Two months ago, I helped Blewbury in Oxfordshire become the first village in the UK to launch its own social network. We were inspired by the MP Matt Hancock, who during his tenure as digital minister launched a social network for his constituency.
His decision to call it “Matt Hancock” attracted much media attention. But behind the choice of name sat another story: communities are not well-served by social media. His plan to create a troll-free digital space for constituents worked; today you’ll see a community engaged in civil, on-topic discussion about West Suffolk.
This is an example of an “owned-social” network – a channel for people to chat that’s created and controlled by that group, rather than Facebook or some other tech giant.
Launching our community app was instructive. First, people are more sick of Facebook than I realised. Trolling, fake news, privacy abuse and bad corporate behaviour have tarnished its brand. Second, communities get fragmented information from lots of different places: word of mouth, email, WhatsApp, leaflets, posters, and Twitter feeds on top of Facebook. It’s a mess. And finally, people really care about their local community.
This matters to brands and businesses, because it holds true for any community, not just a village.
Once categorised as above-the-line (indirect, mainstream brand advertising via TV, posters and print) or below-the-line (direct, targeted, sales-led material like newsletters and direct mail), the tech platforms have blurred marketing lines and convinced advertisers to “target niche audiences at scale”. Or “use us to target communities”, in other words.
Communities are attractive to advertisers as our shared interests – be it a passion for a music or film genre, a place, a cause, or an idea – create strong emotional bonds. Advertisers benefit by association.
But it doesn’t necessarily follow that the target community is interested in the advertiser. The social media marketing gold rush reflects the fact that Facebook groups, Instagram stars and YouTubers represent the least worst route to communities. But to work, there has to be a mutual value exchange between community and host.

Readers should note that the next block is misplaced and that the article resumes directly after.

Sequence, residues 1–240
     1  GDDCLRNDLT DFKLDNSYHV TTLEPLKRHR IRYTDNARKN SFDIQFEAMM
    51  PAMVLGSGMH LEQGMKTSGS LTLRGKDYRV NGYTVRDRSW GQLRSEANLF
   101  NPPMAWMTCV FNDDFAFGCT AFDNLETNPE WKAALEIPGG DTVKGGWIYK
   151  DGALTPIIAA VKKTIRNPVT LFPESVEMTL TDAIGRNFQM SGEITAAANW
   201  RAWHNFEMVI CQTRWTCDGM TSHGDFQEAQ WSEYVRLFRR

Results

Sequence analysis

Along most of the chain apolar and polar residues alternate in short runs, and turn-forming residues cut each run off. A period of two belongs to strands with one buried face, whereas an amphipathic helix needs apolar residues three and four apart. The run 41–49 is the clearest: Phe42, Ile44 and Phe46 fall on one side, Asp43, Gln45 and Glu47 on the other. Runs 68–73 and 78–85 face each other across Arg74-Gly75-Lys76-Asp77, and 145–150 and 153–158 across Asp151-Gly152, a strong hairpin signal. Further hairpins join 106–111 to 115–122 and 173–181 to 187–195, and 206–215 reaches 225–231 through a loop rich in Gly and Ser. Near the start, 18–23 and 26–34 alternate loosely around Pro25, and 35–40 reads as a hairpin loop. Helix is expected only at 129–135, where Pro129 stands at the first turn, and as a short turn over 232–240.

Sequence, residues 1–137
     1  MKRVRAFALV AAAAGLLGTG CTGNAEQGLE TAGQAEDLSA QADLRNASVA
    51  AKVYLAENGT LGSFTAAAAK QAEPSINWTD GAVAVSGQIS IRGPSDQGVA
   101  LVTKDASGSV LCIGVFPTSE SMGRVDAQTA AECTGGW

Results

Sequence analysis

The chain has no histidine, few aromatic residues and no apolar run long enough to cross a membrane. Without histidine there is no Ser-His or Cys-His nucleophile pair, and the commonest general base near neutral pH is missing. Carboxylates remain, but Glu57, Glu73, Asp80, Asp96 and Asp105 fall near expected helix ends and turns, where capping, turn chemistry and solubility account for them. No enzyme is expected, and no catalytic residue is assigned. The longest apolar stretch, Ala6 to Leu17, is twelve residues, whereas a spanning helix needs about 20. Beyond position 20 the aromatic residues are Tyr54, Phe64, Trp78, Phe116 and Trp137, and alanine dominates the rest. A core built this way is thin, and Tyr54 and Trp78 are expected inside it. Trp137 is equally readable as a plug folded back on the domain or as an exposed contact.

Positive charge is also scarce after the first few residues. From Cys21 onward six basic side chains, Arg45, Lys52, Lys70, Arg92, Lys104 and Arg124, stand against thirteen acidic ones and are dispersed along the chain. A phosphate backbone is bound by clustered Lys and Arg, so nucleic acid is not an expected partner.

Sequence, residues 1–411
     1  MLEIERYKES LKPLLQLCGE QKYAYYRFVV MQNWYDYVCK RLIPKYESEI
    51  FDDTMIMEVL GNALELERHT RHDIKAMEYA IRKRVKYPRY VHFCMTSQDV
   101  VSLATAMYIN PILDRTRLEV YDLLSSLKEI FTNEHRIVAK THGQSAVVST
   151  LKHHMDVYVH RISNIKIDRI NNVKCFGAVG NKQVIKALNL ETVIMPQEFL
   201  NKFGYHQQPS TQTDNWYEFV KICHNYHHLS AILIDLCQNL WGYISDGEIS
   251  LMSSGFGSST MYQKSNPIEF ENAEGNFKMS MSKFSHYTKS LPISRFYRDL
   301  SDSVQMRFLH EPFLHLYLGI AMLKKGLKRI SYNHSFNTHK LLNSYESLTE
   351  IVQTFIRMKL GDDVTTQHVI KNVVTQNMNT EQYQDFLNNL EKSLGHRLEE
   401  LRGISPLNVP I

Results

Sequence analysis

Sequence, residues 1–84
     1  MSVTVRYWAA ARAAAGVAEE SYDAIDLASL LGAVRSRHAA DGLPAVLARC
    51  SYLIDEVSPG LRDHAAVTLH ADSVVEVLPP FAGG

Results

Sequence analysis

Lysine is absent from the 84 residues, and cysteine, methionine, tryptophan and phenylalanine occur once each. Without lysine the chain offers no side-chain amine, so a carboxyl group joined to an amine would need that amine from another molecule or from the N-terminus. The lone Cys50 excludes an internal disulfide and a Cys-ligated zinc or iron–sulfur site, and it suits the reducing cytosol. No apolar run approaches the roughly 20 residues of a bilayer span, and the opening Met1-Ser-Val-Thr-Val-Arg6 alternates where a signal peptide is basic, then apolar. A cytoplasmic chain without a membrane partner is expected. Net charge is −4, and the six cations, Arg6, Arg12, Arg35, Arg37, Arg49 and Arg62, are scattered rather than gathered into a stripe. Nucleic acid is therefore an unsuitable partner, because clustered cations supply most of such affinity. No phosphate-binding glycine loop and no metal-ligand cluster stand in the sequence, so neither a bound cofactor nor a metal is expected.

Brands could therefore use owned-social networks in one of two ways: to host a community that’s already engaged in your company’s social purpose (if it genuinely has one), or to sponsor a community that has a purpose that the business genuinely cares about (if it doesn’t).
“Cause-led companies” have a clear purpose, and attract natural allies. Think of brands like Ecover, or The Body Shop. For their founders, “why” came first, product second. Because the cause of the business and the cause of the community is aligned by design, these brands are a natural fit for owned-social. Charities and not-for-profits also inhabit this space.
There are also “credible campaigners” – brands which adopt a cause. Unilever’s Dove wasn’t created to change how women are represented in media. Yet Unilever deserves credit for advancing this cause, and the intent behind Dove’s marketing is genuine. Brands that move into a campaigning role can use their clout, and owned-social, to drive positive outcomes.
Finally, there are “passion products” – great brands with personality, style, and enthusiastic advocates. Apple and Harley-Davidson fit this category. These brands may not be campaigners, but have a clear identity which people relate with. Owned-social can give a brand the means to offer its biggest advocates added value.
Social media will continue to grow as a channel as long as advertisers see it as an effective route to customers.
But expect owned-social, and this idea of building communities around a purpose or passion, to become a staple of modern marketing.